R: If you’re in Holland, and the Nazis are invading, you could look at the Nazis and say “shame on you!” With your eyes even. But I mean that’s not even there.
G: Because it’s about the human… still the power of the human to human moment. That thing… but maybe that’s also why, I dunno, you could argue, from a successful warfare perspective, if you can remove the human to human element, you’re probably going to be more successful, because humans care about each other, on an instinctive level, unless you’re a psychopath. If you’re the Nazi soldier and the Dutch person looks you in the eye and says "shame on you", that does something.
//I want to put my body in between it, in front of iT... but there is no "thing"\\
R: That’s with you for the rest of your life.
G: Yeah. Even if you brush it off, that’s still that moment, that human to human moment. It’s very powerful. But also what’s so interesting now, in the last five years, maybe more, those tools of like… those media tools, how they’ve been used to reflect war and be a weapon of war on our side of the fence, are now being used in a very sophisticated way by ISIS for example. ISIS have a magazine, a glossy magazine, and ISIS do video of course… It’s extremely high production value stuff, because they understand the power of that mediated experience, which is why they make those horrible videos of people being beheaded with music in the background and prayers…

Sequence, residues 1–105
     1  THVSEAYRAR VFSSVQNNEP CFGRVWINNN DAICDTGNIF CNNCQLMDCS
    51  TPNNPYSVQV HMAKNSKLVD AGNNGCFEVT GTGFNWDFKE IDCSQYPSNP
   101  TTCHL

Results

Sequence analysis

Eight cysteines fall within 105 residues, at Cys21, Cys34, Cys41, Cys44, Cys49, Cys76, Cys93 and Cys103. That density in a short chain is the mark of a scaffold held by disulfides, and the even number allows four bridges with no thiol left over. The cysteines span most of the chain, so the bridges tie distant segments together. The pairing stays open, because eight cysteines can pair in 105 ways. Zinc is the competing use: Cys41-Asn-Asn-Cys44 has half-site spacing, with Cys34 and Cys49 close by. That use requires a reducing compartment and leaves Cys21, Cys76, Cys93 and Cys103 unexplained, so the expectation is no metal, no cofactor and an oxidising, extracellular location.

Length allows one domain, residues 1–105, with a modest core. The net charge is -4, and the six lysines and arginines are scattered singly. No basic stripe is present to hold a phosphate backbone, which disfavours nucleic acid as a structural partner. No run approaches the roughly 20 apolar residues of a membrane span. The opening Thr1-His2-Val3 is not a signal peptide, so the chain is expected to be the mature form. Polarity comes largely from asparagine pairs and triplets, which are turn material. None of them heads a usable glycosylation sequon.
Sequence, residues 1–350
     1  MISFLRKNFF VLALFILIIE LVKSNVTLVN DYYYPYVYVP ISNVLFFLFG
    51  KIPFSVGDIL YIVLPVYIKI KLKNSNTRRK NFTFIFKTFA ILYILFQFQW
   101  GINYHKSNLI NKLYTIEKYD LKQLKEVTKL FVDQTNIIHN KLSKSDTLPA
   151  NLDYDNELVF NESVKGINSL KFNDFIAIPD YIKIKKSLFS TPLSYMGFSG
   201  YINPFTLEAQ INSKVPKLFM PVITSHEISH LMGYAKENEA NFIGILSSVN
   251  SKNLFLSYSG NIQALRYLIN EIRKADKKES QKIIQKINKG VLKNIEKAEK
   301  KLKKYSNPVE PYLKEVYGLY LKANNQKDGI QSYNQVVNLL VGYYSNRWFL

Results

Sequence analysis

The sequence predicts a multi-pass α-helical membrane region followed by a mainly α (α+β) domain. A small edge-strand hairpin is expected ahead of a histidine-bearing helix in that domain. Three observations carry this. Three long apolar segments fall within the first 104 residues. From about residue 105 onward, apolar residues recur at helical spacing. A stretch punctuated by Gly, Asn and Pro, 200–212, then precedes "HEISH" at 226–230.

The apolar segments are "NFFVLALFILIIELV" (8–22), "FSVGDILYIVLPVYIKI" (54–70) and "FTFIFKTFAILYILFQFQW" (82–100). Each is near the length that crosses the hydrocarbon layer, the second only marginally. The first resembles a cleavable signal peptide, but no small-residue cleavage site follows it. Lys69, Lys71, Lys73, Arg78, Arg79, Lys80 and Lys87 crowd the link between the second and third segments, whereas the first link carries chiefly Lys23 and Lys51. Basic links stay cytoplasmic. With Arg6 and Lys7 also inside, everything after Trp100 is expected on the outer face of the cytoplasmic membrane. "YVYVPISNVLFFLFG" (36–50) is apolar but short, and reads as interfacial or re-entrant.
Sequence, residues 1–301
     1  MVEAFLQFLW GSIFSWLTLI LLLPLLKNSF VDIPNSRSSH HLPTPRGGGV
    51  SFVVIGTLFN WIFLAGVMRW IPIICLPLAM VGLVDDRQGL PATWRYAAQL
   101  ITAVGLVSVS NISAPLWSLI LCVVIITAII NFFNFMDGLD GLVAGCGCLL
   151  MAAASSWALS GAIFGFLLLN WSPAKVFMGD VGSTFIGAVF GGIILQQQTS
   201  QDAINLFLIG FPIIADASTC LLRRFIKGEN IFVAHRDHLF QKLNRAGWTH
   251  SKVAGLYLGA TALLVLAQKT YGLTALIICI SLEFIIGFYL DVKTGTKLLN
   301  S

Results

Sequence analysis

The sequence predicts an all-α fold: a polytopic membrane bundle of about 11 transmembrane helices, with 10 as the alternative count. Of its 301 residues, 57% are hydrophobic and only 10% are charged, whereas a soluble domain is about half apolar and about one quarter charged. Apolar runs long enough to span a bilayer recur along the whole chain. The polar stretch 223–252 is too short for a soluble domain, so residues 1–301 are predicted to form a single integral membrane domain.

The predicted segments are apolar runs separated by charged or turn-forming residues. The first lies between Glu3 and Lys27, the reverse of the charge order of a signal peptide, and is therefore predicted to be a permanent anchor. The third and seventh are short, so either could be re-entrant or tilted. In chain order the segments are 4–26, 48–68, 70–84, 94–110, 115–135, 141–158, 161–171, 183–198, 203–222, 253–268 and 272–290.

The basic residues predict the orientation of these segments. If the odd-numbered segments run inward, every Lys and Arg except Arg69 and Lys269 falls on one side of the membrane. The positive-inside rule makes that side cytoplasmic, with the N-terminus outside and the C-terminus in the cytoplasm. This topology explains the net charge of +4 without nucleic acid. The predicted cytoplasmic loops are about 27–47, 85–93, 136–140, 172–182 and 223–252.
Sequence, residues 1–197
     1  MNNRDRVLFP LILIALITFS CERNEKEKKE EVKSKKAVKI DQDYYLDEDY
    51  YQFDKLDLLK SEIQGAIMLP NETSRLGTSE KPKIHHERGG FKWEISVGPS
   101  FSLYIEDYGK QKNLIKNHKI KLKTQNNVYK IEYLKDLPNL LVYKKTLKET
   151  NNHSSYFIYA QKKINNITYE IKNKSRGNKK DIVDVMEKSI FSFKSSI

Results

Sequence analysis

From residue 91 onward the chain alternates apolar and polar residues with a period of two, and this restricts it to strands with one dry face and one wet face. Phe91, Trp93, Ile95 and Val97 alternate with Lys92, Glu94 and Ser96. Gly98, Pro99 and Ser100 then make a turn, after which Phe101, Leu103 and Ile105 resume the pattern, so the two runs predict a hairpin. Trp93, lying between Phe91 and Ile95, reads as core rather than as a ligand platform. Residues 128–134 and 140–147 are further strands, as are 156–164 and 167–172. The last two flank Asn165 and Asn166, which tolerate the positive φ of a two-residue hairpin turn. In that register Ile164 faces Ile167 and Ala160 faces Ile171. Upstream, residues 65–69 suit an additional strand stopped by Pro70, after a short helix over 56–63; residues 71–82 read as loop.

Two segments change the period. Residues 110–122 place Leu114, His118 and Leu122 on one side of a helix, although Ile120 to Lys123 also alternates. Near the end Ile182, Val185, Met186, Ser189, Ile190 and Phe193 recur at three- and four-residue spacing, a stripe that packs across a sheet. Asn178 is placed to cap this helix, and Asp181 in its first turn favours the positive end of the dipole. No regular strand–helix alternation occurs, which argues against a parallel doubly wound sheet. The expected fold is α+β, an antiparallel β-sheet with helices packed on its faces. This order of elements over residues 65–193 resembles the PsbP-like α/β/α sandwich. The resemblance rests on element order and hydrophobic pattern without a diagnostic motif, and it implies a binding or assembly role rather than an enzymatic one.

R: The argument would be that they’re more sophisticated in understanding what social media does than we are. Certainly more so than our government agencies. They were very aware, quite quickly, of how that monstrous scene, or the car crash… that that’s what people want to see online… and in many other ways in how they recruit their other young soldiers using YouTube. YouTube is very useful for them to recruit young soldiers.
//ISIS have a glossy magazine… It’s extremely high production value stuff\\